Friday, January 25, 2019

What Christ's Baptism Means For Us

After being baptized, Jesus came up immediately from the water; and behold, the heavens were opened, and he saw the Spirit of God descending as a dove and lighting on Him, and behold, a voice out of the heavens said, “This is My beloved Son, in whom I am well-pleased.” (Matthew 3:16-17)

We can talk about the details of this passage and stick to the surface, or we can go deep and see what it means for us. The surface discussion provides some interesting things.  For example, did only Jesus see the dove? Or was it Jesus and John? Or was it everyone? Once again, these are fascinating things to talk about, but the point of this passage, and all passages of scripture, is to glorify Christ and reveal to us what he has done for us by way of salvation.

So, I want to look at three aspects of this pair of verses and what they mean for us:

I. The heavens were opened,
II. The Spirit descended as a dove, and
III. The voice spoke from heaven.

I. The heavens were opened. What is up there? Vacuum? Emptiness? Void? Darkness and void were there before creation, and now we live post-creation. We are told by the world that in the heavens above is vast, empty space with scattered bodies like stars and galaxies and nebulae. For the most part, the implication is that space is mostly NOTHING. This is bleak and discouraging. However, with Christ, the heavens are actually opened up, and the reality behind the emptiness is revealed. When Stephen was being stoned in Acts 7, the heavens opened to him and he saw Christ seated at the right hand of the Father. The point is that Christ reveals to us that there is more to heaven than space.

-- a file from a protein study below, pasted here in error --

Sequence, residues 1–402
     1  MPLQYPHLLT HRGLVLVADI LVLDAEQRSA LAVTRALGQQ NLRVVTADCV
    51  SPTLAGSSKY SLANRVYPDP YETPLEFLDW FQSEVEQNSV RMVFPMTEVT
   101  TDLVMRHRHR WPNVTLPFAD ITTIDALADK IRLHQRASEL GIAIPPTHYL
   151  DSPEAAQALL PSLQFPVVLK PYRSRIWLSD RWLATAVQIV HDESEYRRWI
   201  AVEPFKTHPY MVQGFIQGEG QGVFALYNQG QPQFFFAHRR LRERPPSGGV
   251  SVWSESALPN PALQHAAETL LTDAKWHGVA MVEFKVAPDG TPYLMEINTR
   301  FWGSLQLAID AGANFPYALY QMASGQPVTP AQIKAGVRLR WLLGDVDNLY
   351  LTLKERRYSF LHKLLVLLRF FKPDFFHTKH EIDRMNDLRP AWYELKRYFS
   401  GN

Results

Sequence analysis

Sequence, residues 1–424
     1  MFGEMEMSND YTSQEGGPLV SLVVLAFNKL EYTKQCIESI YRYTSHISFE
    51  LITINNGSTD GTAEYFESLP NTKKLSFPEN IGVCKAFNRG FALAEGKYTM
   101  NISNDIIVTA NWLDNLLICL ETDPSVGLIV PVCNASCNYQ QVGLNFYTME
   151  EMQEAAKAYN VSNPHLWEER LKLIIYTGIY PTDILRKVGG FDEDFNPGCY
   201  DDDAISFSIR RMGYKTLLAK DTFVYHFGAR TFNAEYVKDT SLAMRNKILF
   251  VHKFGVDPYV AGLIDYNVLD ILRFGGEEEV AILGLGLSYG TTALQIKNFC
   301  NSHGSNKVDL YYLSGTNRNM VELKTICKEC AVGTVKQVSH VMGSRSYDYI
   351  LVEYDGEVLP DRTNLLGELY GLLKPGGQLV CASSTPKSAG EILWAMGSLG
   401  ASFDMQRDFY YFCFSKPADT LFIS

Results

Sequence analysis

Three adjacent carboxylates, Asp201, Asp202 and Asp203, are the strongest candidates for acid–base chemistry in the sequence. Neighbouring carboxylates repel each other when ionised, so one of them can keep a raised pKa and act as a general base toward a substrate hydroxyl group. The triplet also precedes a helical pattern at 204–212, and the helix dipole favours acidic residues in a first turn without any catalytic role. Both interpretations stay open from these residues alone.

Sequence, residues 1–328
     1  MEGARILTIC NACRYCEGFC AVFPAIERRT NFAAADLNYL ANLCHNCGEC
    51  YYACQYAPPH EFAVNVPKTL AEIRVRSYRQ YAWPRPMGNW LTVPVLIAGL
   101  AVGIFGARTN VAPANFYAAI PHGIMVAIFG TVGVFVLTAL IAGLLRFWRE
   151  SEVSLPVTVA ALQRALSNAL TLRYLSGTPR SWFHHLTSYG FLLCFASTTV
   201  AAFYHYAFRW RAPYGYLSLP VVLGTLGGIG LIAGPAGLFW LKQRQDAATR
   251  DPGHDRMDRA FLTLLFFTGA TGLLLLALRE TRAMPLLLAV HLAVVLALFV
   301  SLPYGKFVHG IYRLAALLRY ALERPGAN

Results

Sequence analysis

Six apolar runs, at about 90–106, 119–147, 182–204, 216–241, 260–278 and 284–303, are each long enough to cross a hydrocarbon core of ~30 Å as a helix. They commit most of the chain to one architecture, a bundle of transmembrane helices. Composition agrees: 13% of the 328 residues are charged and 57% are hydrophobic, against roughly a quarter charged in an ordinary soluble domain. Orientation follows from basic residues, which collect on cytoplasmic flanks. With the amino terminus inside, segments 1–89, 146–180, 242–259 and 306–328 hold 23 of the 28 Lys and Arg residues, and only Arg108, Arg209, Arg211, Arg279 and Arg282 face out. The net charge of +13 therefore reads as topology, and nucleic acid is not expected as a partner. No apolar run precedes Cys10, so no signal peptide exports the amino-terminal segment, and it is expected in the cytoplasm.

There is not only a place to receive us after death, a place that is not vast emptiness, but it is a place opened for all believers, all who have a penitent and abiding faith in Christ. God's love and light come to us from above, and we are given boldness to enter into that holy place. Jesus Christ, we know, is the ladder upon which the angels ascend and descend from above. Through Christ we can communicate with God, have communion with God, and learn from God, obeying his divine commandments and repenting through Christ for the forgiveness of our sins.

II. The Spirit descended as a dove. Christ did not need to receive the Holy Spirit as a believer does. But the guiding of his ministry is by the Holy Spirit, and so the Spirit is with him as he works. The Spirit is continually working in a guiding role for the Church, even as he works inside all believers. As Christ has the Spirit upon him, and as he is married to the church, the church therefore has the Spirit upon her. Gifts, graces, and comforts all come to the church by the Holy Spirit.

The dove is the prefect symbol of innocence and peace. Harmless and inoffensive, the Spirit enabled Christ's humanity to not cry out or fight back during his passion. The Spirit enables us to be peacemakers, to be mourners, essentially to fulfill all the beatitudes, just as Christ fulfilled them. The dove inspires penitence, living sacrifice, and purity. The dove brings good tidings, as it did to Noah, and it still does through the church to the world that God forgives and saves sinners. That reconciliation with God is not only possible but can be obtained only through Jesus Christ.